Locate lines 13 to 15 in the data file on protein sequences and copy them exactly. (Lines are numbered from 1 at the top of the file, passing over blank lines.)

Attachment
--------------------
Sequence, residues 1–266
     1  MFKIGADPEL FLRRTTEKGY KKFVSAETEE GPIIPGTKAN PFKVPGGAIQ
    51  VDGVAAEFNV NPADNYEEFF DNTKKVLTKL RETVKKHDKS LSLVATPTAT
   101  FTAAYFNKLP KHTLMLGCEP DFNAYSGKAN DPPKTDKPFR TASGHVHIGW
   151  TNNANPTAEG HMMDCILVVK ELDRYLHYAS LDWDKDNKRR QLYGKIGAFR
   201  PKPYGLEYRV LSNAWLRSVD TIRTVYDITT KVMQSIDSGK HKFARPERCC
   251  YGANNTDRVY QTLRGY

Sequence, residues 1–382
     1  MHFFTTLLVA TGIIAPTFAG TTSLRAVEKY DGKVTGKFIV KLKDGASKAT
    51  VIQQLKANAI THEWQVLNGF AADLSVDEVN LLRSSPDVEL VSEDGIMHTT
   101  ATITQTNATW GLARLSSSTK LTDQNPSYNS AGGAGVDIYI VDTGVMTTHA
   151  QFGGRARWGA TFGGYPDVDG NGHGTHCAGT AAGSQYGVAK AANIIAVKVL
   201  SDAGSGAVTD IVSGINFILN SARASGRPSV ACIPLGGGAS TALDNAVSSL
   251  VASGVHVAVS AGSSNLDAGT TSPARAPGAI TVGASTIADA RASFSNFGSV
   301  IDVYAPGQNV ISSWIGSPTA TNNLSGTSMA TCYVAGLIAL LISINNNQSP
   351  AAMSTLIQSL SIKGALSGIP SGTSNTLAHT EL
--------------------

   201  SDAGSGAVTD IVSGINFILN SARASGRPSV ACIPLGGGAS TALDNAVSSL
   251  VASGVHVAVS AGSSNLDAGT TSPARAPGAI TVGASTIADA RASFSNFGSV
   301  IDVYAPGQNV ISSWIGSPTA TNNLSGTSMA TCYVAGLIAL LISINNNQSP